Abstract: Innate lymphoid cells (ILCs) are the most recently described group of lymphoid subpopulations. These tissue-resident cells display a heterogeneity resembling that observed on different groups of T cells, hence their categorization as cytotoxic NK cells and helper ILCs type 1, 2 and 3. Each one of these groups is highly diverse and expresses different markers in a context-dependent manner. Type 2 innate lymphoid cells (ILC2s) are activated in response to helminth parasites and regulate the immune response. They are involved in the etiology of diseases associated with allergic responses as well as in the maintenance of tissue homeostasis. Markers associated with their identification differ depending on the tissue and model used, making the study and understanding of these cells a cumbersome task. This review compiles evidence for the heterogeneity of ILC2s as well as discussion and analyses of molecular markers associated with their identity, function, tissue-dependent expression, and how these markers contribute to the interaction of ILC2s with specific microenvironments to maintain homeostasis or respond to pathogenic challenges.

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Topics: Innate lymphoid cell (70%), Tissue homeostasis (57.99%), Immune system (53%) ... show more

References
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50 results found


Journal ArticleDOI: 10.1038/NATURE01321
19 Dec 2002-Nature
Abstract: Inflammation is a local, protective response to microbial invasion or injury. It must be fine-tuned and regulated precisely, because deficiencies or excesses of the inflammatory response cause morbidity and shorten lifespan. The discovery that cholinergic neurons inhibit acute inflammation has qualitatively expanded our understanding of how the nervous system modulates immune responses. The nervous system reflexively regulates the inflammatory response in real time, just as it controls heart rate and other vital functions. The opportunity now exists to apply this insight to the treatment of inflammation through selective and reversible 'hard-wired' neural systems.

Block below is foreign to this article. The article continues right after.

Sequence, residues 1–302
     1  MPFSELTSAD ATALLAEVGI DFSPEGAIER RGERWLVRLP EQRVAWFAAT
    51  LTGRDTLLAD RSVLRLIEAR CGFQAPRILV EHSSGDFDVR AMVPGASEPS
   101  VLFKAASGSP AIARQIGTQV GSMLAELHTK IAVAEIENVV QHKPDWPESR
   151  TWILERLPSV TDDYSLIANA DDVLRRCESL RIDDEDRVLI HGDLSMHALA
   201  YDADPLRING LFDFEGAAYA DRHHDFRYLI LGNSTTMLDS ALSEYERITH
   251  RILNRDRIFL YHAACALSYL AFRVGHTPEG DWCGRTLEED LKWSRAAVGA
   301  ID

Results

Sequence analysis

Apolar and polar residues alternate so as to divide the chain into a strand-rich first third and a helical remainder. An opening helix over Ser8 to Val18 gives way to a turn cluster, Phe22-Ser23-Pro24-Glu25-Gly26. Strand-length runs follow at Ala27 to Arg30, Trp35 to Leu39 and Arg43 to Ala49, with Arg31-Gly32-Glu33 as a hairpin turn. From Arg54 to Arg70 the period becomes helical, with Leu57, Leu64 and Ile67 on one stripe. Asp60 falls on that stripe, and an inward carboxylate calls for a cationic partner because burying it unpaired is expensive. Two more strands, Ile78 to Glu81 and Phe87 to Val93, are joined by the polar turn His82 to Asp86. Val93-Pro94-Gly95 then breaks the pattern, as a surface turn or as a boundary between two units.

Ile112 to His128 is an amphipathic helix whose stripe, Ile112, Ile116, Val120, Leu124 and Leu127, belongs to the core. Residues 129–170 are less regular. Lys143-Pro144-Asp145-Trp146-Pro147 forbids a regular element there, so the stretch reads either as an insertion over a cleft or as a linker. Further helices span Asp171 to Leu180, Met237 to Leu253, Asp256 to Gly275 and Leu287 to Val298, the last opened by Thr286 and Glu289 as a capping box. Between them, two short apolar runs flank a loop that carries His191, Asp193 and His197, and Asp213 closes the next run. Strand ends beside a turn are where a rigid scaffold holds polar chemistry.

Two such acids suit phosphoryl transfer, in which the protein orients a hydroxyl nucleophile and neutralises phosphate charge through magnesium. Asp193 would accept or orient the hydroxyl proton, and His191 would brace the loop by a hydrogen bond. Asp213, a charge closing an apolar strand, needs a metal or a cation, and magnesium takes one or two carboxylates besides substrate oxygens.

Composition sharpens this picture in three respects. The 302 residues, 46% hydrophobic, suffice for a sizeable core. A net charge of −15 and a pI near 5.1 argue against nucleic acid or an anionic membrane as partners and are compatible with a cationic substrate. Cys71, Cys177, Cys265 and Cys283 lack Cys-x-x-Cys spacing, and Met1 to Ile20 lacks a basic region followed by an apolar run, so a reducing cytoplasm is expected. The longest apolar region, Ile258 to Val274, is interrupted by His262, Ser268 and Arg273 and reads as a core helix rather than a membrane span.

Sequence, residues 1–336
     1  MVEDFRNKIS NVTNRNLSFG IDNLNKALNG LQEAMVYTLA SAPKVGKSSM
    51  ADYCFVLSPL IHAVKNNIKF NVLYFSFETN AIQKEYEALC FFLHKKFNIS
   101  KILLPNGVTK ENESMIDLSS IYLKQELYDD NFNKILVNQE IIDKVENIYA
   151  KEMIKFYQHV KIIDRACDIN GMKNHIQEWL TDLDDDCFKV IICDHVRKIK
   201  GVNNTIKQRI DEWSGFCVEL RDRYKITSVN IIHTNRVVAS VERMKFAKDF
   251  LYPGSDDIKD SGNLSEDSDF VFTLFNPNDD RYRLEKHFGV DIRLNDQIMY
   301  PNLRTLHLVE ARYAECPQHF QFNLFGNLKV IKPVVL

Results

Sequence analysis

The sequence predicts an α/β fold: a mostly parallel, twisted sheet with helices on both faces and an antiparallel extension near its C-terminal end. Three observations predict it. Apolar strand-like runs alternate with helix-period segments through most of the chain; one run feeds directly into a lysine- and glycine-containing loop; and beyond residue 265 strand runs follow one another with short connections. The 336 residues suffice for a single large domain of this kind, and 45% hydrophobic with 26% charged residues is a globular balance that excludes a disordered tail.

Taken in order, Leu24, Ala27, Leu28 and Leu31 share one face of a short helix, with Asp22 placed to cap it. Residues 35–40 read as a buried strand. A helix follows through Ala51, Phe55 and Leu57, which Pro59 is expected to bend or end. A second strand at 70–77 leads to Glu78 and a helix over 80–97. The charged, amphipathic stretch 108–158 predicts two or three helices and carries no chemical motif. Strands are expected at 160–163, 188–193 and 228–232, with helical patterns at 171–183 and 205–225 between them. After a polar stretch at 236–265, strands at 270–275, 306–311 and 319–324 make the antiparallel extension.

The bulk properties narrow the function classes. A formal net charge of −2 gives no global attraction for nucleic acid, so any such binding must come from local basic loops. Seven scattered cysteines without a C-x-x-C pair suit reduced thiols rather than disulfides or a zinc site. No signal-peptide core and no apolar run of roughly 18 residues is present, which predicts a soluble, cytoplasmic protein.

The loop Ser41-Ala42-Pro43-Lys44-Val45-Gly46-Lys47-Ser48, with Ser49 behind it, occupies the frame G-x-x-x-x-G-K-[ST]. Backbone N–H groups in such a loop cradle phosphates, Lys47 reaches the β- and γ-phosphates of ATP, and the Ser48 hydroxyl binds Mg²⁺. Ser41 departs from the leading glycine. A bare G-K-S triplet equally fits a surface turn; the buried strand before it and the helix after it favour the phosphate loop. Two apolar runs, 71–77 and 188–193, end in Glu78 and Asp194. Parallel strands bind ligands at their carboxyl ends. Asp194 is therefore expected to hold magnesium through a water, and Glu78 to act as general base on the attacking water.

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Topics: Cholinergic anti-inflammatory pathway (60%), Inflammatory reflex (60%), Inflammation (52%) ... show more

2,828 Citations


Journal ArticleDOI: 10.1038/NATURE01339
23 Jan 2003-Nature
Abstract: Excessive inflammation and tumour-necrosis factor (TNF) synthesis cause morbidity and mortality in diverse human diseases including endotoxaemia, sepsis, rheumatoid arthritis and inflammatory bowel disease. Highly conserved, endogenous mechanisms normally regulate the magnitude of innate immune responses and prevent excessive inflammation. The nervous system, through the vagus nerve, can inhibit significantly and rapidly the release of macrophage TNF, and attenuate systemic inflammatory responses. This physiological mechanism, termed the 'cholinergic anti-inflammatory pathway' has major implications in immunology and in therapeutics; however, the identity of the essential macrophage acetylcholine-mediated (cholinergic) receptor that responds to vagus nerve signals was previously unknown. Here we report that the nicotinic acetylcholine receptor alpha7 subunit is required for acetylcholine inhibition of macrophage TNF release. Electrical stimulation of the vagus nerve inhibits TNF synthesis in wild-type mice, but fails to inhibit TNF synthesis in alpha7-deficient mice. Thus, the nicotinic acetylcholine receptor alpha7 subunit is essential for inhibiting cytokine synthesis by the cholinergic anti-inflammatory pathway.